1066 DC Amsterdam
The work of Rini Hurkmans mainly deals with the concepts of absence and loss, in relation to ethics and politics. In her artistic practice she explores how an artwork can raise ethical questions in society.
Her research into the press photo of the moment just after Michelangelo’s Pietà (1499) was attacked in 1972 serves as the starting point for her new work, which also builds upon earlier work inspired by this photo since she acquired it in 1992. Hurkmans made, among others, a black and white photo series under the title Pietà. For this series she made a self-portrait every two years for 18 years, from 1992 to 2009.
In the latest exhibition Pietà, A Reconsideration of the Gesture, she presents works that she developed during her working period as Artist in Residence at the Royal Netherlands Institute in Rome (KNIR). When the Pietà in the St. Peter’s Basilica was attacked by Laszlo Toth, he destroyed the left arm. Consequently, the initial gesture that reaches out to the public to engage with the theme of the Pietà was annihilated. In her current work, Hurkmans investigates the multi-interpretability of the press photo and the gesture, reconsidering the gesture in all its forms.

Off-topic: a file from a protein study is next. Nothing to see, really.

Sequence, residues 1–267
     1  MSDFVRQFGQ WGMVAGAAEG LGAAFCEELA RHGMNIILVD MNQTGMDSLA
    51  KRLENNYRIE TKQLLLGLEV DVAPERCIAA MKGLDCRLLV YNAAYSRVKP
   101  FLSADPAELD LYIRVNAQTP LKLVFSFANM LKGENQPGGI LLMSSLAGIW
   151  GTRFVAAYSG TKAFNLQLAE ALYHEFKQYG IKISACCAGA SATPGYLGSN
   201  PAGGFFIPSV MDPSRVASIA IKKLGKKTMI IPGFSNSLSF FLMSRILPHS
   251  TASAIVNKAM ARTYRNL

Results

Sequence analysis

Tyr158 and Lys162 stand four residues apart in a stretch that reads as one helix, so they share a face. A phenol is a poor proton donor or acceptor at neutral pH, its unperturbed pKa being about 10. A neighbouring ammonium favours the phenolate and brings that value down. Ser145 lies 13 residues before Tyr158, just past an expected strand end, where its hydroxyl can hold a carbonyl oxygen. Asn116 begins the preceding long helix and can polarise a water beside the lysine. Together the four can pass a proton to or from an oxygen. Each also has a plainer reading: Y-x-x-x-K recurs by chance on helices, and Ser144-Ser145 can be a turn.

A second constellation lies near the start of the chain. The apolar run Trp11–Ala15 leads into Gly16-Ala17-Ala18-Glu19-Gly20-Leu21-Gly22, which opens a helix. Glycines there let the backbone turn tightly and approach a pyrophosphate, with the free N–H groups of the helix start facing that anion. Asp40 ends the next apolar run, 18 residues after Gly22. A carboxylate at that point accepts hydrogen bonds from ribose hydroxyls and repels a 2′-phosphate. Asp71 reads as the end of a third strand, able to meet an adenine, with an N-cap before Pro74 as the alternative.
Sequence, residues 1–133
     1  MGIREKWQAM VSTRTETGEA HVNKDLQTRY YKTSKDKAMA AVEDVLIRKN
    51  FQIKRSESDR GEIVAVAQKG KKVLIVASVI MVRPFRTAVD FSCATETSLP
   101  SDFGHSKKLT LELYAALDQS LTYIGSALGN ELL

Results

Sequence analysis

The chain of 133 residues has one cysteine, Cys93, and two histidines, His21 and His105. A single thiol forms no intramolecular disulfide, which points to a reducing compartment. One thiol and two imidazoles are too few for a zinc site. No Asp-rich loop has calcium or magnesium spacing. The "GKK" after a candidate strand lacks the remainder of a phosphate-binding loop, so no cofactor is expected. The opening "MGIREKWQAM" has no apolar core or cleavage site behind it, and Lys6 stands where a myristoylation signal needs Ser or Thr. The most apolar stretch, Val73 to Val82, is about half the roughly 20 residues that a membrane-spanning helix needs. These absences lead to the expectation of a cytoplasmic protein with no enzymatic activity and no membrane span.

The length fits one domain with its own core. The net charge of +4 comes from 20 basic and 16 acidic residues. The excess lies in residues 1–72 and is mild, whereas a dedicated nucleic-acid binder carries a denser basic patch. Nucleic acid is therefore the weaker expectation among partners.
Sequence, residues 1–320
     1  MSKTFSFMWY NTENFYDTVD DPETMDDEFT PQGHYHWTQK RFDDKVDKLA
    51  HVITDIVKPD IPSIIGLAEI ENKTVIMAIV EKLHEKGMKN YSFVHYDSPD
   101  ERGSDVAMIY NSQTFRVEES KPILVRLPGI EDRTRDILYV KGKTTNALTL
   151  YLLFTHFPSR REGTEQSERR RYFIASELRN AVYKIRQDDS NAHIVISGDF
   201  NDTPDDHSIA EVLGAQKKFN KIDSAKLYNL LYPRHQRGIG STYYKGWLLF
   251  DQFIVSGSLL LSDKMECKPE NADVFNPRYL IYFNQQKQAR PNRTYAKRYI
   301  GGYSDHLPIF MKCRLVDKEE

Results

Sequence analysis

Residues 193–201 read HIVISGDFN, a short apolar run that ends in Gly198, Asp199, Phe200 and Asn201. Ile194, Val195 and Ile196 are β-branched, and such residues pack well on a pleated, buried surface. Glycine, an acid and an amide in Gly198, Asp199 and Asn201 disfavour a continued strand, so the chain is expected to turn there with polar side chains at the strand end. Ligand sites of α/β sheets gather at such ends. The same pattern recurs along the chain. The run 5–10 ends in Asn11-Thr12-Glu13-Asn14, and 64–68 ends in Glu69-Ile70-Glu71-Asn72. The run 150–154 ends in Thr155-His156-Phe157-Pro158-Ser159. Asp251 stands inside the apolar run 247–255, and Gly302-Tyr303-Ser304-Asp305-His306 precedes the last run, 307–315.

Since 2002 Hurkmans developed the ongoing conceptual artwork Flag of Compassion. The Flag is a symbol of the notion of compassion with which everyone can share their own understanding of compassion. The artwork consists out of various elements: the word ‘compassion,’ an instrument ‘the Flag,’ a Manifesto, a foundation managing the artwork ‘the Unda Foundation,’ a distribution network and a website. www.flagofcompassion.com
See the publication:
Compassion. A Paradox in Art and Society. Valiz, 2017.
fragment Forms of Loss 2020 ©rinihurkmans
Pietá 1995, 1995©rinihurkmans
Flag of Compassion, 2008©undafoundation
During the exhibition Blossom at art gallery Lumen Travo seven copies of the Flag of Compassion are installed on the façade of the building at the Lijnbaansgracht in Amsterdam.
A Reconsideration of the Gesture, 2020©rinihurkmans
Seeing the Scene (number 3), 2020©rinihurkmans